Amos, Bernard John
From Faculty of Medicine Online Museum and Archive
MB BS 1959 RACP
Bernard (Bernie) Amos was the first General Superintendent of Westmead Hospital when it opened in 1978. He later became the Director General of the New South Wales Health Department.
After graduating with honours in 1959, Bernie Amos spent his early years at Royal North Shore Hospital. He progressed, with extraordinary speed, through being a Junior and Senior Resident Medical Officer to becoming Medical Registrar, then Clinical Superintendent, all within the first four years of his medical career. His rapid achievements at Royal North Shore enabled him to pass his Membership of the Royal Australasian College of Physicians in 1963.
Although he never developed a medical specialty, his interest and flair for planning and administration were apparent and in 1964, he became Director of Medical Services working under Professor Roger Vanderfield. Bernie’s role was upgraded soon after to the position of Deputy Chief Executive Officer. A significant focus for him whilst he was at Royal North Shore was his role as Deputy Chairman of the Planning Committee overseeing the building of a new hospital for Royal North Shore, experience which later enabled him to take on his work with Westmead Hospital.
He remained in touch with the practical aspects of practising medicine by continuing to tutor students (even after he had commenced work with Westmead Hospital) and was also engaged in a program which saw him consulting in rural areas of Australia.
His flair for planning was utilised in various ways at Royal North Shore: Aside from his work roles, he was President of the Resident Medical Officers Association and, as a keen sportsman himself, Chairman of the Inter-hospital Sports Committee. As the establishment of the new Westmead Hospital became a reality, Bernie chose to leave Royal North Shore and to “lead the Westmead project”. Longtime colleague Peter Castaldi gives the following account:
[The Westmead Project] increasingly occupied him as the 1970s progressed. We don’t not know if he actually spoke to Prime Minister Gough Whitlam about the declining budgets but he must have been pleased to hear the admonition from the PM to Premier Askin – “if you don’t build it we will.”
The opening of Westmead Hospital in October 1978 was an affair of State attracting the presence of Premier Neville Wran, the Vice-Chancellor, Professor Sir Bruce Williams, and many other dignitaries. With the formalities over, the doors opened to admit an overwhelming influx of patients seeking medical attention. Bernie planned and oversaw the progressive provision of beds as nurses and doctors were enrolled and appointed so that by 1980 Westmead was fully functional.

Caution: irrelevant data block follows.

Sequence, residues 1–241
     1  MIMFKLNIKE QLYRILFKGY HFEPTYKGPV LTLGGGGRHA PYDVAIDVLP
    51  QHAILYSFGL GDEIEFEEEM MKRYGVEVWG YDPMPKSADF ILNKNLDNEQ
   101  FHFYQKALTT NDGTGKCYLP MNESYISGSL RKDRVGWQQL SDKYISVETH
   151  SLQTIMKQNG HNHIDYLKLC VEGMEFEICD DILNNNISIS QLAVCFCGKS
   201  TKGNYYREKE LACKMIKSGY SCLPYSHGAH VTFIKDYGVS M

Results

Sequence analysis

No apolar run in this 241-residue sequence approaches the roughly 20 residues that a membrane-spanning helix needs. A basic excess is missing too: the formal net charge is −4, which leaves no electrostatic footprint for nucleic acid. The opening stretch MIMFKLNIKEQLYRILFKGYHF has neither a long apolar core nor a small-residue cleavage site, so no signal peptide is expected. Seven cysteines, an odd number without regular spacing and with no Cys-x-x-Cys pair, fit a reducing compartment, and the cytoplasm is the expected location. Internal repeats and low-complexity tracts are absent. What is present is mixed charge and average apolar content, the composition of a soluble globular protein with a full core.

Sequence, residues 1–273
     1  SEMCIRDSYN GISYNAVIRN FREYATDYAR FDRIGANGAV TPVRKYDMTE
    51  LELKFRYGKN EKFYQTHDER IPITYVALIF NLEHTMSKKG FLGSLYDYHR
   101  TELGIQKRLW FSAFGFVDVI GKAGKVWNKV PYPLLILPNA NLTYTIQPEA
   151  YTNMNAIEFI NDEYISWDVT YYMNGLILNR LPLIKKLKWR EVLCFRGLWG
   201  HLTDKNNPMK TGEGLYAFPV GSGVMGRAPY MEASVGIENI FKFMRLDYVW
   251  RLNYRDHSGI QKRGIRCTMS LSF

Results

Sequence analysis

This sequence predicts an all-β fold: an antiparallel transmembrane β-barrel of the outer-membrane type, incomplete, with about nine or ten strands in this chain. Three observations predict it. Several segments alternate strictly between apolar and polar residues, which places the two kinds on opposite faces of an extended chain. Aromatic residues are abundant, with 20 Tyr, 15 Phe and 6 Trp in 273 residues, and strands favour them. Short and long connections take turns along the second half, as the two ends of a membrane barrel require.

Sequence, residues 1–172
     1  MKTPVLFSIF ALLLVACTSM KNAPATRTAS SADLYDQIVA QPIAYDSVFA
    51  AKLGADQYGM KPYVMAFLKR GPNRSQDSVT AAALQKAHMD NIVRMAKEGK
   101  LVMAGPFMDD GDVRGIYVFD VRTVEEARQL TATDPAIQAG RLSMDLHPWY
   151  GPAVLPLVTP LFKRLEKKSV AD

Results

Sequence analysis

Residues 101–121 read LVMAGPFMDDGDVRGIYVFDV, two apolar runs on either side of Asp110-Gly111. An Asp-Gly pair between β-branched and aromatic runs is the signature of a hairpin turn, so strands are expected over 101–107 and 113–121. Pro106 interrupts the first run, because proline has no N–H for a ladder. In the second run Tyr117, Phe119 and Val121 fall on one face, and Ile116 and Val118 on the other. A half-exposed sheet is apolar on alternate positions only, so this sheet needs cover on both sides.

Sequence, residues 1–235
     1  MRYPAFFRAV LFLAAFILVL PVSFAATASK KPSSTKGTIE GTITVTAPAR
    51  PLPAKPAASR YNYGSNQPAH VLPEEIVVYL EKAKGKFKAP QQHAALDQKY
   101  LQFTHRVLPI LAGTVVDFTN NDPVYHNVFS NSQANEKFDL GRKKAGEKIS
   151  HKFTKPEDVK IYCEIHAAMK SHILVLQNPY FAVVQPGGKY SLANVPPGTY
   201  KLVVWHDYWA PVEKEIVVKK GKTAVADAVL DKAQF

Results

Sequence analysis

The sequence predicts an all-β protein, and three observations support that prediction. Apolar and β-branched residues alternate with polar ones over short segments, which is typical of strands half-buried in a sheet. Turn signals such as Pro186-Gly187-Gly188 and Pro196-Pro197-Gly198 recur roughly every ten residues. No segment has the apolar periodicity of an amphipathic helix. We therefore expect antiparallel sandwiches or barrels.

By then in 1978, he was recognised for his skills in health management based on his Royal North Shore experience and his clinical orientation. As General Superintendent of Westmead Hospital from the very beginning, he was in charge of the booming enterprise as Miles Little, Chris Hudson, Alan Langlands and Peter Castaldi began their clinical services. They were later joined by the paediatrician Neil Buchanan. Bernie was also responsible for Mental Health and the Community Health Services. He consulted continuously and his staff had the benefit of his restraining hand as they strove to build up every conceivable ‘ism’ and specialty.
His talent for health planning led to consultancies in the Middle East, and places like Qatar, the Emirates and Bahrain became part of the Westmead talking circuit. He and his community medicine chief Gary Andrews gained a glimpse of these empires where new hospital structures and clinical developments were the legacy. He developed a great friendship with Cres Eastman, the endocrinologist, who had fostered a program of iodine replacement for deficiency states initially in Sarawak in Borneo. As Cres Eastman’s influence expanded to China it was clear that more official support was needed. So it came about that Peter Anderson, the Health Minister, Neil Gilbert, board Chairman and Bernie Amos CEO and their wives travelled to China to meet the dignitaries and smooth the path of international collaboration. Some of their journeys in the mountains were less than comfortable but they were brave and the cause was just.
Before ending his time at Westmead, Bernie implemented the Charitable Trust of the Hospital that ensured support for the academic disciplines. As a result, Westmead Hospital became truly competitive on the national scene and is still reaping the benefits through the Millennium Institute and the research hub with the Children’s Hospital. During the 1980s, Bernie was President of the NSW Medical Board, Chairman of the state committee of the Royal Australian College of Medical Administrators and on the Executive of the Australian Medical Council.”
Bernie left his role at Westmead Hospital and became Director General of the NSW Health Department, a position he remained in until his retirement in 1993. However, he remained active after his retirement and continued to support the Medical Board, the Centenary Institute, the Health Ministers Council and various other consultancies in international health planning.
Bernie was twice honoured with an Australian Award for his “service to medicine and to the development and delivery of health care services in Australia and Asia”, first being made a Member of the Order of Australia in 1988 and then an Officer of the Order of Australia in 1994.
Citation: Mellor, Lise (2008) Amos, Bernard John. Faculty of Medicine Online Museum and Archive, University of Sydney.
An alternate version appears in: Mellor, L. 150 Years, 150 Firsts: The People of the Faculty of Medicine (2006) Sydney, Sydney University Press.